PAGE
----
I do not doubt the supreme importance of preadaptation, but the other alternative, treated with caution, reluctance, disdain or even fear by the modern synthesis, now deserves a rehearing in the light of renewed interest in development: perhaps, in many cases, the intermediates never existed. I do not refer to the saltational origin of entire new designs, complete in all their complex and integrated features -- a fantasy that would be truly anti-Darwinian in denying any creativity to selection and relegating it to the role of eliminating new models. Instead, I envisage a potential saltational origin for the essential features of key adaptations. Why may we not imagine that gill arch bones of an ancestral agnathan moved forward in one step to surround the mouth and form proto-jaws? Such a change would scarcely establish the Bauplan of the gnathostomes. So much more must be altered in the reconstruction of agnathan design -- the building of a true shoulder girdle with bony, paired appendages, to say the least. But the discontinuous origin of a proto-jaw might set up new regimes of development and selection that would quickly lead to other, coordinated modifications." (Gould, Stephen J., 'Is a new and general theory of evolution emerging?' Paleobiology, vol 6(1), January 1980, pp. 126-127)
I've gotta go to class, ciao.
Edited by AdminModulous, : No reason given.

This message is a reply to:
 Message 205 by Hyroglyphx, posted 05-25-2006 12:23 AM Hyroglyphx has replied

Replies to this message:
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Hyroglyphx
Inactive Member


Message 214 of 243 (315106)
05-25-2006 10:29 AM
Reply to: Message 210 by Belfry
05-25-2006 6:18 AM


Logical coherence
It's important when the quote indicates a lack of "logically coherent evidence." We have gained gobs of logically coherent evidence since 1929 that has supported and formed evolutionary theory. We don't rely on Darwin's data to support evolution.
ToE has changed very little since Darwin. Evidence was scant or non-existent then and its the same today. Again, instead of anyone presenting actual evidence of such a transition, instead, we're giving some abstract theorum describing why it should be taking place. So whether it was in 1929 or 1999 makes no difference.
Quotes taken out-of-context so that they seem to say something they weren't intended to say are indeed deceptive. Your argument that they "say what they say" is specious.
What is specious about it? If a prominent creationist wrote a paper including his or her reasons for believing in the creation account, but within the text there was a whole paragraph devoted to paradoxes and anamoles within the theory, then why is that wrong for an evolutionist to capitalize on that which the creationist cannot logically reconcile? If Dembski said something like: "Creationism is lacking any qualities that offer the kind of empirical evidence required by science, however, with the introduction of [this or that] method, we hope to find a conclusive, ground-breaking theorum. As it stands now, there is a sickly pall looming over the normative creation account"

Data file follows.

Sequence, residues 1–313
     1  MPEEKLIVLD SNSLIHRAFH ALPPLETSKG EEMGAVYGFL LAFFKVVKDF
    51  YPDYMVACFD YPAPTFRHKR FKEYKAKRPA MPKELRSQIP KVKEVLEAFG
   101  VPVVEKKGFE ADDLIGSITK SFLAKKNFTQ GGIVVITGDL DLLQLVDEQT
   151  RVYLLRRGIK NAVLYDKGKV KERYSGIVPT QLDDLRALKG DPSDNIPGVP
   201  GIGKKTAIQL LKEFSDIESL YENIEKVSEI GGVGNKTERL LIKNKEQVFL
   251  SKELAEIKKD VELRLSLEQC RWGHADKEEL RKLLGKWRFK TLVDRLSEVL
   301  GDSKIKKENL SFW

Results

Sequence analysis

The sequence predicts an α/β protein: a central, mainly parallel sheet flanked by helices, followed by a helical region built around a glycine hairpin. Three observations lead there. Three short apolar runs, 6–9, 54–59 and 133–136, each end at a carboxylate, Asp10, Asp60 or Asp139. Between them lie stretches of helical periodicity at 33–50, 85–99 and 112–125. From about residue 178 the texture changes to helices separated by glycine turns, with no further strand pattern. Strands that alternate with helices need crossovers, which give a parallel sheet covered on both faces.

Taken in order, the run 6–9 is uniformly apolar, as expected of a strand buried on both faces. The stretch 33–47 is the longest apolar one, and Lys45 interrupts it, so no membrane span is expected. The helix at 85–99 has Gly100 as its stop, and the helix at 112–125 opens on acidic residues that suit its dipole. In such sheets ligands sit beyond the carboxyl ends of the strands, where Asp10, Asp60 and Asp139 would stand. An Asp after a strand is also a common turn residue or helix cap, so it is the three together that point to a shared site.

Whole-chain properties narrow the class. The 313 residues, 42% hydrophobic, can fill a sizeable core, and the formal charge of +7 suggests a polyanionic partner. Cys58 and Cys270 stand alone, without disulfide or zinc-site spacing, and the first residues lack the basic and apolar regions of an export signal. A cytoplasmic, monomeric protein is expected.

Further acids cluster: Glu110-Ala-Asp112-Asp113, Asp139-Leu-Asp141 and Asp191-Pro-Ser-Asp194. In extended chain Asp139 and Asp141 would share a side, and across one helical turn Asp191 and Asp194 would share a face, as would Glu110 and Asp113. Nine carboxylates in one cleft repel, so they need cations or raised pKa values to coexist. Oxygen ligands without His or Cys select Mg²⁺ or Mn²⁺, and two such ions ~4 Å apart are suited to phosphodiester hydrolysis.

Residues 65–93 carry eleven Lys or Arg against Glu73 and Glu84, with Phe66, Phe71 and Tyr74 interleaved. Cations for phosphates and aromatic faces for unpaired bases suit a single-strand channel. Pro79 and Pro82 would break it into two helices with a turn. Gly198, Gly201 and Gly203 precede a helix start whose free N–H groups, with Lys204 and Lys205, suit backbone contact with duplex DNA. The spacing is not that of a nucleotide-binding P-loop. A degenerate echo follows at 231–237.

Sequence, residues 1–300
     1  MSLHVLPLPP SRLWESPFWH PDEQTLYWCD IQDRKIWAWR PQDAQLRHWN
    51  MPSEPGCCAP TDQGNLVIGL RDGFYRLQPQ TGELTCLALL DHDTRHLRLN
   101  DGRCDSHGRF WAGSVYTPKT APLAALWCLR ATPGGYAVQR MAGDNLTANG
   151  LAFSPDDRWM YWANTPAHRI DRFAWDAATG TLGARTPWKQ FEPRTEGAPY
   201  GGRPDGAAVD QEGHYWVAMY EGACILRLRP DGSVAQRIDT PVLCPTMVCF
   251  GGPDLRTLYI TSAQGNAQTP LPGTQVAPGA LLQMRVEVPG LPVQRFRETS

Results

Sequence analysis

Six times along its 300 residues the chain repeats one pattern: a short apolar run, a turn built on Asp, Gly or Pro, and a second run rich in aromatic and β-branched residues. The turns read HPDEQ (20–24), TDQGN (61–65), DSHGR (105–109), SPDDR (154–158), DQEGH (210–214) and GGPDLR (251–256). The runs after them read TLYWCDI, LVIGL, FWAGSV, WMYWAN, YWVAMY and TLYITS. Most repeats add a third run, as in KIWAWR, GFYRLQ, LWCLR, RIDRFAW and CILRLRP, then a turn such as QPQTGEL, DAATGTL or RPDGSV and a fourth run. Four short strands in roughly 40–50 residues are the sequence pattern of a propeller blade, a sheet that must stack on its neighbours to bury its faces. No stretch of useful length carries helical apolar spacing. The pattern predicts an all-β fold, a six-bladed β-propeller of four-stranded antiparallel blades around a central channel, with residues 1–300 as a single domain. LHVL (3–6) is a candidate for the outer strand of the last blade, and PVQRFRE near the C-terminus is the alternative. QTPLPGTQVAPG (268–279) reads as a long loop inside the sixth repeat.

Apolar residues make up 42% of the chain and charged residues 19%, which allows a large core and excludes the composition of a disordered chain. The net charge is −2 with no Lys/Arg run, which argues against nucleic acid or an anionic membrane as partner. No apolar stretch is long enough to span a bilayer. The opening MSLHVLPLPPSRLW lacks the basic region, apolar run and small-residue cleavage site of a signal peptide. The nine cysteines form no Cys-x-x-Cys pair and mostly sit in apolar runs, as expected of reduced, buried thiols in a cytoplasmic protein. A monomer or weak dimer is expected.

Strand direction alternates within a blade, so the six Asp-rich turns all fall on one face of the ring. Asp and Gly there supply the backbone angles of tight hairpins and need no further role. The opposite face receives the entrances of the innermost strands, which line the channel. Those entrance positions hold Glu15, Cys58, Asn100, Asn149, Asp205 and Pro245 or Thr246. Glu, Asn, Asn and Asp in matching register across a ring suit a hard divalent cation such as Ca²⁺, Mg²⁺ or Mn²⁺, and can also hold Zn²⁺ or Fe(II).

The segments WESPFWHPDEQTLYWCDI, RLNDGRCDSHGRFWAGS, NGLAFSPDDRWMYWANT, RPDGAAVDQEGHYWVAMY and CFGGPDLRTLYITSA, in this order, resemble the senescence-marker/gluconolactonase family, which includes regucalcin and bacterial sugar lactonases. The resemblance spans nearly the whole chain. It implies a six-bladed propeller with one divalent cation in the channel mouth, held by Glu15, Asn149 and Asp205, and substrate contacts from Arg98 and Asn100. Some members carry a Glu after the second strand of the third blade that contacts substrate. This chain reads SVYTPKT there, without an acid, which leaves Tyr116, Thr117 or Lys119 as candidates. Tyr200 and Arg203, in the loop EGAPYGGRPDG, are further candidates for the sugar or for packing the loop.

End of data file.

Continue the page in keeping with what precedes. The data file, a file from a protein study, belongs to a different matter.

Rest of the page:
What would be wrong, or what would be taking out of context his lack of evidence? What would be wrong with capitalizing on that? Stephen Jay Gould is probably the worst offender to act as a detriment to his own theory by the very words he spoke. We all know how he felt about evolution and that he believed in it wholeheartedly. No one contends with that. He believed in it up until his death as many do. But that doesn't detract from the fact that he recognized certain conundrums within the theory and spoke about such findings. Quoting those findings is NOT deceitful. What is deceitful is to know of better model and suppress the evidence anyway simply because it doesn't satisfy some philosophical predisposition. That is an agrecious and insufferable deceit.
Edited by AdminModulous, : No reason given.

This message is a reply to:
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Replies to this message:
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NosyNed
Member
Posts: 9006
From: Canada
Joined: 04-04-2003


Message 215 of 243 (315107)
05-25-2006 10:34 AM
Reply to: Message 214 by Hyroglyphx
05-25-2006 10:29 AM


Re: Logical coherence
...Dembski said something like: "Creationism is lacking any qualities that offer the kind of empirical evidence required by science,
I knew it!!
Edited by AdminModulous, : No reason given.

This message is a reply to:
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AdminWounded
Inactive Member


Message 216 of 243 (315108)
05-25-2006 10:37 AM
Reply to: Message 214 by Hyroglyphx
05-25-2006 10:29 AM


Topic drift
This is for NJ and his various interlocutors. Discussion of the various quotes NJ provided is not a suitable topic for this thread. Can we make some attempt to get back to addressing the topic at hand?
TTFN,
AW

This message is a reply to:
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Hyroglyphx
Inactive Member


Message 217 of 243 (315123)
05-25-2006 12:02 PM
Reply to: Message 213 by Alasdair
05-25-2006 10:27 AM


Re: Some responses to NJ (some redundant)
Maybe you can engage us with something more than quote mines.
I have been engaged in extensive debates and have taken on the task of debating several people since the moment I arrived. To say otherwise isn't truthful. So, your clever quip doesn't meet the criteria that I only quote mine.